Turkey is a bit different. Syrian refugees in Turkey have also been struggling. There’s around 3.5 million, so Turkey is among the countries that hosted the most refugees. Some have settled, so some have, you know, got Turkish citizenship, but the vast majority also now live in a kind of instability. The situation in Turkey has been deteriorating, the economic downturn turned people against Syrian refugees. So we’ve seen in the past year or so assaults and attacks against, you know, Syrian refugees, shops held by refugees. And what we’ve seen also more worryingly last year is deportation of Syrian refugees from Turkey into Italy at the time when Idlib was really under attack from the Syrian regime and Russia. So, yeah, this is the situation of Syrian refugees in Turkey. There’s a lot of informal, working in the informal sectors. So there has been also a crackdown on working Syrians in Turkey.
Greece is again, like, a different situation, where most of the refugees are on Islands awaiting, you know, to be resettled in a third country, and the situations on the islands are also very deplorable, you know, and they’ve been– what’s supposed to be a very temporary situation has been dragging on for years now. So, this is just to say a little bit of what the refugees in the region are going through.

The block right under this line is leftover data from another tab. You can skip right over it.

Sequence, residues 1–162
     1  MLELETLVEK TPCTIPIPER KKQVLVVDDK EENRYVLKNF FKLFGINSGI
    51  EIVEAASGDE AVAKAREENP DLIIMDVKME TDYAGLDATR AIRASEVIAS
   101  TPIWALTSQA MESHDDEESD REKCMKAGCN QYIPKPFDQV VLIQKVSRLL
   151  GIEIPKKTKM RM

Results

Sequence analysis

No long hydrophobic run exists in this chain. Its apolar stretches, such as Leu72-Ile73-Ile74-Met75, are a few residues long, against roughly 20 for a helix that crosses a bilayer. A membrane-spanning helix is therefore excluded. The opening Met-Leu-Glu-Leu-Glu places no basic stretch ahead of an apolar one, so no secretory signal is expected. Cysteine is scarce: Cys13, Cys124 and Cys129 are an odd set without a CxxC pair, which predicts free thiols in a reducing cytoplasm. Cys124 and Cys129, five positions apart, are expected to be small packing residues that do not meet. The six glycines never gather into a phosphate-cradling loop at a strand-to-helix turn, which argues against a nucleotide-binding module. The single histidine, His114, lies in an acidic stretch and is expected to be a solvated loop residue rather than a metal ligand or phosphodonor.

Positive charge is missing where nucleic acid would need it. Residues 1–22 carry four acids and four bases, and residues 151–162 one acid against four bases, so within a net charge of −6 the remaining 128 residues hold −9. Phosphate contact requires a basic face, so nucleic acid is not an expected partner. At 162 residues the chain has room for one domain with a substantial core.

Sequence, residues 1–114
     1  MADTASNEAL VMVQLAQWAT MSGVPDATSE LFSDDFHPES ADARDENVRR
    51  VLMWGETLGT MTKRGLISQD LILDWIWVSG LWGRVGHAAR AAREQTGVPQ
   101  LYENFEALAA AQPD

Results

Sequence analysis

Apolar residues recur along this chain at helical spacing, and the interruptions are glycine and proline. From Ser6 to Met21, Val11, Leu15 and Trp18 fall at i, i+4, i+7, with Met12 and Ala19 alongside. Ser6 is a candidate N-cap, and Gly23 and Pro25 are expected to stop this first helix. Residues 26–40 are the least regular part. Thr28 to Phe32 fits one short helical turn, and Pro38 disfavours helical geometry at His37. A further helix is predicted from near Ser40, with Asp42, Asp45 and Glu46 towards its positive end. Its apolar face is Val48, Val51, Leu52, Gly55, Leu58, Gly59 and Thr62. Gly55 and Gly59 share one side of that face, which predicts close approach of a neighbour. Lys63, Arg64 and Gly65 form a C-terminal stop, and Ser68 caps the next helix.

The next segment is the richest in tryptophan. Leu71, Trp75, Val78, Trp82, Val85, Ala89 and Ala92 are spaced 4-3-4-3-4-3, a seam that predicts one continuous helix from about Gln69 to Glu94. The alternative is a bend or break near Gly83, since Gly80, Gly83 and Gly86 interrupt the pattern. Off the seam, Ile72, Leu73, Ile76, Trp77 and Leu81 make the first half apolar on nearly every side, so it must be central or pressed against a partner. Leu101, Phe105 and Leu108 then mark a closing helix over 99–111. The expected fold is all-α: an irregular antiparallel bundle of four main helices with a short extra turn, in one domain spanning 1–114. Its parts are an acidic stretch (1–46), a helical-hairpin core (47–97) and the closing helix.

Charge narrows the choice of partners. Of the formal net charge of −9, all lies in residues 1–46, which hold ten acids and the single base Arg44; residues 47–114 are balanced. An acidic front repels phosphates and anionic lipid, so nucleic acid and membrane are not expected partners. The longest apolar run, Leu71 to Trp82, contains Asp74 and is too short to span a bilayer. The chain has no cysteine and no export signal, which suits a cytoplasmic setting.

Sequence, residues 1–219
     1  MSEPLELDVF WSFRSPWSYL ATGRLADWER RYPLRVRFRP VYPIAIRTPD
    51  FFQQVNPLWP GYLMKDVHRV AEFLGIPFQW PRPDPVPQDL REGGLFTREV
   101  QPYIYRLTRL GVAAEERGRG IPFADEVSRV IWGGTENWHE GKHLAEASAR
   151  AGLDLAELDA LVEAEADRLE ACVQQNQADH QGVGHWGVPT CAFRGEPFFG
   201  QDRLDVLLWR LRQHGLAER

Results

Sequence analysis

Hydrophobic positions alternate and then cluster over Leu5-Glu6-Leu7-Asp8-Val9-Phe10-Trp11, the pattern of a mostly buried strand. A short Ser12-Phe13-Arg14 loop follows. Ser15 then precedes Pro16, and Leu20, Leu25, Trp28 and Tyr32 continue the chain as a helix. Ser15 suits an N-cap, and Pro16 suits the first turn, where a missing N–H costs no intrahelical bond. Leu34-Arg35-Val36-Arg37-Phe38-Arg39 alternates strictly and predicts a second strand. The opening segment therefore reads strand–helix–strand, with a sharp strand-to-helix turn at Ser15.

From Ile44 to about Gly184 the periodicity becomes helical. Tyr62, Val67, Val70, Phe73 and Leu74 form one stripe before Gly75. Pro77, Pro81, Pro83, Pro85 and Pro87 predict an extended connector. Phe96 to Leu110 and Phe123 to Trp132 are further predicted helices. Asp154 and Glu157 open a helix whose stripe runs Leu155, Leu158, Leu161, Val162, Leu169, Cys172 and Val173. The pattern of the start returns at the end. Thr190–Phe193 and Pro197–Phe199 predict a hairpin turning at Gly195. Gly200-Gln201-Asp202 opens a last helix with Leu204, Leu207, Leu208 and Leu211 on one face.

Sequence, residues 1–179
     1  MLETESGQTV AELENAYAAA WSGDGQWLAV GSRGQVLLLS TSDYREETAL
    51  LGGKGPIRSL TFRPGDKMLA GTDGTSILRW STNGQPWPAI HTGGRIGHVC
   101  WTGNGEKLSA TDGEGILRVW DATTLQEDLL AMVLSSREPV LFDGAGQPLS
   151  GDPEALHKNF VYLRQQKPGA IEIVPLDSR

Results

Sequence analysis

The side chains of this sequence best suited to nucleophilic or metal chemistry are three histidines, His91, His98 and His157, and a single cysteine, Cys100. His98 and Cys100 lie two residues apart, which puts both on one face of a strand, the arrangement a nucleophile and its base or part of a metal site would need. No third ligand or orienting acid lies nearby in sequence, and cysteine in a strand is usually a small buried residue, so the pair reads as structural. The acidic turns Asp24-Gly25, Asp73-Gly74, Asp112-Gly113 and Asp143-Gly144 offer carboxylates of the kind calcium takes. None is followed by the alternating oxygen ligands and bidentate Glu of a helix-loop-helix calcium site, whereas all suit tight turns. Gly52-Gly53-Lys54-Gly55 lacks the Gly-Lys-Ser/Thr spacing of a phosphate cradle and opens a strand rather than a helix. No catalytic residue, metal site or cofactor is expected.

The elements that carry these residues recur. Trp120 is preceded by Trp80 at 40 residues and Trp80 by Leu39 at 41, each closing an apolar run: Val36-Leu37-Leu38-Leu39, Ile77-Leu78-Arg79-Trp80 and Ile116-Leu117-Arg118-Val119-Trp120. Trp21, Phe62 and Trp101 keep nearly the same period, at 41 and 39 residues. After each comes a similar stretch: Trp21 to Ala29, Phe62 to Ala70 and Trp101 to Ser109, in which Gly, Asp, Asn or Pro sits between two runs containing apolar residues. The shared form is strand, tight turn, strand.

DD: Yes. It seems like one thing that– one commonality in all of these situations is that there’s no pathway to citizenship that’s being discussed, which, it seems to me that that’s a critical component of actually, you know, achieving stability and security. Can you comment on that and say, you know, let us know what can a refugee do to get themselves on a pathway to citizenship at this point in time? In any one of these countries, including in Jordan, which is also a major destination for Syrians that we have not yet touched upon.
SA: The situation of Syrians in Jordan is a bit better than in other countries we mentioned because of the Jordan Compact. There has been a kind of an attempt between Jordan and the EU to offer some opportunities, mostly work opportunities, for Syrians. And this part, you know, significant numbers living in camps and restricted mobility. There is a little bit of sense of more security in Jordan for Syrian refugees than in other countries.